Large office spaces create workplace cohesion and establish cultural norms that can aid or hinder the pursuit of a moral life. We have rightly been awakened to the problems of sexual harassment in the workplace. I’ve also spent plenty of time guiding parishioners through the agonies of office cultures that left no room for talking about personal faith, winked at petty theft, and encouraged cutthroat competition with neighboring divisions.

Would we trust people who worked from home to pilot drone bombers, design campaign attack ads, or invent credit-default swaps? Somehow, I doubt it. I’ve long loved Wendell Berry’s test for the work of our hands, from his majestic “Mad Farmer Liberation Front”:

Ask yourself: Will this satisfy
a woman satisfied to bear a child?
Will this disturb the sleep
of a woman near to giving birth?
That’s a rule best tested while working from home.

Inevitably, many of us must leave home to work. Waiters, delivery drivers, and police officers won’t have choice in the matter. Until we launch a Rural Electrification Agency-style effort to get broadband into every community, it will be hard to stem the “brain drain.” There are legitimate concerns about “working from home” widening the gender opportunity gap, as many husbands aren’t being any more helpful as childcare demands have exploded. But the experiments of the last few months do offer a new way forward for many workers: the possibility of deeper integration between the different parts of our lives, more time with families, greater flexibility for serving on community boards, tending gardens, and serving the poor.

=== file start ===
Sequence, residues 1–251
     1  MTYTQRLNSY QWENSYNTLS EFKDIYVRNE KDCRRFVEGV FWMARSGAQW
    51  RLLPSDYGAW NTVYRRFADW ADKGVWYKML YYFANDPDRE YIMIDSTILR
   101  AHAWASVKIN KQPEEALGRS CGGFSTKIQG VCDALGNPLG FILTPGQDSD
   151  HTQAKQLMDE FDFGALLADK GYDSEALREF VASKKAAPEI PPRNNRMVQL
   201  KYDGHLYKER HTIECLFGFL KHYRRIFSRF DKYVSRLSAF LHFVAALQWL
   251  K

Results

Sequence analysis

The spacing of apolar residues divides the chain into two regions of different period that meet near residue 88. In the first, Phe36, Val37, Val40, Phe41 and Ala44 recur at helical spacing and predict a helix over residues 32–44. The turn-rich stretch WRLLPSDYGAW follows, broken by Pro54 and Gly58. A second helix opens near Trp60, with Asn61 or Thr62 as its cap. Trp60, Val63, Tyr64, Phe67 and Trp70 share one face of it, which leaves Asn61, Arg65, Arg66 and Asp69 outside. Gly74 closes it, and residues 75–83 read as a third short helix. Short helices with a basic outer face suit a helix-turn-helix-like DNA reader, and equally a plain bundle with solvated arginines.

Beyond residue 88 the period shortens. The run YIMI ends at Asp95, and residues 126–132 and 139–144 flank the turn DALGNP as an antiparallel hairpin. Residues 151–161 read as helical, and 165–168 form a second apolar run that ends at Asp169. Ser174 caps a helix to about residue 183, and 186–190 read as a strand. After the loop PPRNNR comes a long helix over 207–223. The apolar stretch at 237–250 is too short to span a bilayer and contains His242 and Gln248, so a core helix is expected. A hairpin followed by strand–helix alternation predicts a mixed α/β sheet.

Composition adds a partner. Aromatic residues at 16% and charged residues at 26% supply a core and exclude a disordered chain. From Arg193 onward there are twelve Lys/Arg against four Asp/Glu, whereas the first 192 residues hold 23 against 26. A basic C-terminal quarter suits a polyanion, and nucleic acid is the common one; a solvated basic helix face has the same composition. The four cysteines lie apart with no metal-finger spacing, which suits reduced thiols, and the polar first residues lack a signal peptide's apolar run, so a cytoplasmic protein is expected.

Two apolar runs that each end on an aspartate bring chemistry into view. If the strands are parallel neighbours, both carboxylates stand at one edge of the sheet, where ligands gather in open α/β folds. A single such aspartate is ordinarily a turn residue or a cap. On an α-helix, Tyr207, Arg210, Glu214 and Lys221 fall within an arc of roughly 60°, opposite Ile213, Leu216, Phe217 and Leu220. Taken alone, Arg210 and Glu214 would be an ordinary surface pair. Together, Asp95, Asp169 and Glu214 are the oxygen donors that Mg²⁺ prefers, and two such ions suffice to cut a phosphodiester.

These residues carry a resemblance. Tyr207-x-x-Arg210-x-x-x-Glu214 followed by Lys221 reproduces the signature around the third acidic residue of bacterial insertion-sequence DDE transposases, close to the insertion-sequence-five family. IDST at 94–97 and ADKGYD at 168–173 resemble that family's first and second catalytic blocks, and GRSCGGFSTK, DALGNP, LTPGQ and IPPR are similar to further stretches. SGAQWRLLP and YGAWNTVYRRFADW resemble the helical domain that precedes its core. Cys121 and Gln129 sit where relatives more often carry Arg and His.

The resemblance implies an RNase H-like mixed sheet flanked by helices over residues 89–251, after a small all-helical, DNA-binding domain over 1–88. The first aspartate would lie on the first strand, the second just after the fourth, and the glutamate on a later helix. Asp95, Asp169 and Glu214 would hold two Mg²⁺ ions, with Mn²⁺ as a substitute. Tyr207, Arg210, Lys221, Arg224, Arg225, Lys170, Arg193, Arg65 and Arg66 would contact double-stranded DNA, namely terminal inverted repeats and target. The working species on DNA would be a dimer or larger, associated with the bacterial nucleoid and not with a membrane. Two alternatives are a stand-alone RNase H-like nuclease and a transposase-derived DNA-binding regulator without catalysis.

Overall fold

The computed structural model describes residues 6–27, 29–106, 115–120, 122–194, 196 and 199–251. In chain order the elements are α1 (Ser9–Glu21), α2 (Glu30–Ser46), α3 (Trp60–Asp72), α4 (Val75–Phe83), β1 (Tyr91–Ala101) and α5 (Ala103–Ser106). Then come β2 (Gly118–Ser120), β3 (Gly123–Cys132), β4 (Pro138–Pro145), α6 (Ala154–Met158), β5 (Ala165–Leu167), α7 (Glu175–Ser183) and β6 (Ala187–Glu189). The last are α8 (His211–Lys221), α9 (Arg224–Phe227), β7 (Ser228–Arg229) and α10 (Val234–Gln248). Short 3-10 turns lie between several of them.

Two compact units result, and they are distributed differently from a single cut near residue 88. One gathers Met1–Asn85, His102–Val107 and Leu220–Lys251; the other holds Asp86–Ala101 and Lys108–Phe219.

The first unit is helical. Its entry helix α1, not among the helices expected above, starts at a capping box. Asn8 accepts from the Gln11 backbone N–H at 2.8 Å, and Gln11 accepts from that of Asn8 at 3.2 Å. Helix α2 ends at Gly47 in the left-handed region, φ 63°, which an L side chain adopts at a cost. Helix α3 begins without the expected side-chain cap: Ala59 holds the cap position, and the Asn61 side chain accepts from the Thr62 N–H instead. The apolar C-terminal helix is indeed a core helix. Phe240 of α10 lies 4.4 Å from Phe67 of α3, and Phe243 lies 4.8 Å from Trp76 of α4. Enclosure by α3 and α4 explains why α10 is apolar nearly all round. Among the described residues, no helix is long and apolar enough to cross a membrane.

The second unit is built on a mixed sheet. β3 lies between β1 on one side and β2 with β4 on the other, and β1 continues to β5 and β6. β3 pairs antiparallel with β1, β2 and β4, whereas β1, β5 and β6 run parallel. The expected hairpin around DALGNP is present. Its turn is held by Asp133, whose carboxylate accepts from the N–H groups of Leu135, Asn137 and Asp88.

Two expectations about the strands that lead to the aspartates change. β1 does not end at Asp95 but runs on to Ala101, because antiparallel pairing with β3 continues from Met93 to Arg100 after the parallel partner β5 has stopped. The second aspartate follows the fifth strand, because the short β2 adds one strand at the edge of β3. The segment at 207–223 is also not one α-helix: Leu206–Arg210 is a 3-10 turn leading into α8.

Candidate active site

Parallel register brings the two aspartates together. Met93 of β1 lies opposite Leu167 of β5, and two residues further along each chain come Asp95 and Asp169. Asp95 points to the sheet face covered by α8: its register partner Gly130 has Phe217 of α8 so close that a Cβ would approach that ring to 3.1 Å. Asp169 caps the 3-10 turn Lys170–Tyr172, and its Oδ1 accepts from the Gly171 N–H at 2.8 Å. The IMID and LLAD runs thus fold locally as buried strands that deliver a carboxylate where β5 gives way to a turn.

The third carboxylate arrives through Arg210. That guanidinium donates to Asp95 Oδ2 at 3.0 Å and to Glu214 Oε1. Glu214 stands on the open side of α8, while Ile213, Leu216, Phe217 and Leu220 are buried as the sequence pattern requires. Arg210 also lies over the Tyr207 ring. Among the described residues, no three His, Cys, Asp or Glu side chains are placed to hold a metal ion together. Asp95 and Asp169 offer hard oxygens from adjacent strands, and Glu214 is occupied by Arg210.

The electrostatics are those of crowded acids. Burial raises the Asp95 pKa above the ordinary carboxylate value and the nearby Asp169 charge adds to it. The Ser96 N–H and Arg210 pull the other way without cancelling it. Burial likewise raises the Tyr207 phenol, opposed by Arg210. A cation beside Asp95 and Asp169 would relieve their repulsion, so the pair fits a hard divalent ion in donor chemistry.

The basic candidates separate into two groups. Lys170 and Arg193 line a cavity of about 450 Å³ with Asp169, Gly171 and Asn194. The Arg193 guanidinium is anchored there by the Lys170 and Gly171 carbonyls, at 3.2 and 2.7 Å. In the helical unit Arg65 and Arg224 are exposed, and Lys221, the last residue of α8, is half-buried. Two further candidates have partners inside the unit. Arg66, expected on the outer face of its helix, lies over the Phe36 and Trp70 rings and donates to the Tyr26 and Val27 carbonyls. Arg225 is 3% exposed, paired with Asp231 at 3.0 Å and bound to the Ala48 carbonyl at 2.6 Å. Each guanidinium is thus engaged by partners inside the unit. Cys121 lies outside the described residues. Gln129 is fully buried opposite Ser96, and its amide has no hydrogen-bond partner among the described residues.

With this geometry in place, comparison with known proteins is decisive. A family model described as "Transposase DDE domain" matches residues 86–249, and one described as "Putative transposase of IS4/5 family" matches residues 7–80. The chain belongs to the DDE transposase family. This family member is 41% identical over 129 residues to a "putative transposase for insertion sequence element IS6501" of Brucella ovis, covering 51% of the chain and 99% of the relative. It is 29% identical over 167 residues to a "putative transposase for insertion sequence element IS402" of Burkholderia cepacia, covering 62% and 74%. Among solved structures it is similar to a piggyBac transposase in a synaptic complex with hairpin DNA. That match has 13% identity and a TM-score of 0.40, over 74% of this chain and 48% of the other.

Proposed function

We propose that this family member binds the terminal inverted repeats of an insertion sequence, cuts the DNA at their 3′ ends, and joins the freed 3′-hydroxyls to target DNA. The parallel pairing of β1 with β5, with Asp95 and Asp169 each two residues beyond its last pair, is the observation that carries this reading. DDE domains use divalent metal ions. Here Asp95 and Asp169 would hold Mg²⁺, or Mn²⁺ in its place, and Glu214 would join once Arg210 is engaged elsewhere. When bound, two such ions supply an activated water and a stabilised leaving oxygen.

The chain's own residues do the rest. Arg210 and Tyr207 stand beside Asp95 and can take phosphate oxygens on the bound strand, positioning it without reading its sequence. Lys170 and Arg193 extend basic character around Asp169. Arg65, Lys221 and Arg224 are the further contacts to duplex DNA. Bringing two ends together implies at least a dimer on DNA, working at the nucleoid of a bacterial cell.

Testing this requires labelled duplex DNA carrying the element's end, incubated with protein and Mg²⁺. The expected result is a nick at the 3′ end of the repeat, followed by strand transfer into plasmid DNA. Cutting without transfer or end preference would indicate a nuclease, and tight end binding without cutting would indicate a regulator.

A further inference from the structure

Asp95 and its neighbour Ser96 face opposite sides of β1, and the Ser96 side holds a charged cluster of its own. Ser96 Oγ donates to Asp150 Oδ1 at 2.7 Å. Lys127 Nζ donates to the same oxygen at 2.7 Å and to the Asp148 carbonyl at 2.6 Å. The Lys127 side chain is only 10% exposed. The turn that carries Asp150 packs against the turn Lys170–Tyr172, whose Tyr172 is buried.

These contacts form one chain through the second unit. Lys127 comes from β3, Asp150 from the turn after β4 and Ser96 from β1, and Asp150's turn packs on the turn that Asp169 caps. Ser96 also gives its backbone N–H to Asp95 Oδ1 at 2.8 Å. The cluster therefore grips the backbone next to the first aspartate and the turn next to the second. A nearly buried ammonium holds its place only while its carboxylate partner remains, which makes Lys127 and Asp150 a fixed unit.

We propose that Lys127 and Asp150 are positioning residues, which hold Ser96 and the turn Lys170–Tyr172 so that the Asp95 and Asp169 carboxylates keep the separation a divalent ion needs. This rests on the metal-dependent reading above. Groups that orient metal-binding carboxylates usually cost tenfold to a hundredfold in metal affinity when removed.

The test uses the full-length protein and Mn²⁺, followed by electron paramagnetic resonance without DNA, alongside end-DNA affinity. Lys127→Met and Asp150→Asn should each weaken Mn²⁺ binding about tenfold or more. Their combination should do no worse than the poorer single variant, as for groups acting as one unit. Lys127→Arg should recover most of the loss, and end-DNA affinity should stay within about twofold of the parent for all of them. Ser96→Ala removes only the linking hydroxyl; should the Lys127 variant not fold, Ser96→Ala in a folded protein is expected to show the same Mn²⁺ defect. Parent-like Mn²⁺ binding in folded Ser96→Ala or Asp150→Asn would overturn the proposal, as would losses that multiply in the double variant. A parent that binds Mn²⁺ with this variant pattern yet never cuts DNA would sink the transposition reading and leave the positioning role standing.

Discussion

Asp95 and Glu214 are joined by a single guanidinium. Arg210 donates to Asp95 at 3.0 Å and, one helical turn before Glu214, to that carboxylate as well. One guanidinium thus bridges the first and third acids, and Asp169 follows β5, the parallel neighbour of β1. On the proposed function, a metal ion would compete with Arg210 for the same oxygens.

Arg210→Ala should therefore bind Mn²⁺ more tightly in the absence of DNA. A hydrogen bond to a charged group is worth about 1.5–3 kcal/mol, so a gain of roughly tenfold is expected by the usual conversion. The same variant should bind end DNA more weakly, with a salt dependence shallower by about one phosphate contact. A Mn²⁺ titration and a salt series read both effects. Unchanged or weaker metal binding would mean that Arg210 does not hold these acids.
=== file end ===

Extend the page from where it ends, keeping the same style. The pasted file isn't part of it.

After the pandemic eventually passes, churches, too, will have a chance to restructure their use of time and space. I’m gratified to see so many tuning into my parish’s daily livestreamed services. It’s a time of unprecedented crisis and spiritual hunger, of course. But my parishioners are also no longer sitting in traffic on the beltway. Companies that do decide to scale back their office footprint will still need attractive and flexible settings for occasional joint meetings. What a great use for a parish hall or library on a quiet Thursday morning. For that matter, what about the old “Parish House,” turned into offices 45 years ago? Could it be time to turn it back into, say, a house?

The projects and meetings and ventures that fill our days aren’t just for earning our bread. They are the substance of that living sacrifice we render back to God, the giver of talents, strength, and creativity. Such tasks and those who share them with us form the habits and desires that make us who we will be.

The pandemic will continue to exact an enormous human and financial toll. But at least for some people, the chaos of these days may be a time for breaking yokes that will never be forged again. The prospect looms for a new kind of freedom, if we are prepared to use it faithfully. A life of work, prayer, and loving attentiveness to those among whom God has placed us: surely for such a vocation as this, Ms. Reid is right: “we don’t need to be there nearly as often.”

The Rev. Mark Michael is editor of The Living Church magazine and rector of St. Francis Episcopal Church, Potomac, Maryland.

About The Author

Fr. Mark Michael is the editor of The Living Church magazine and rector of St. Francis Episcopal Church, Potomac, Maryland. A native of rural Western Maryland, he is a graduate of Duke University and Wycliffe Hall, Oxford.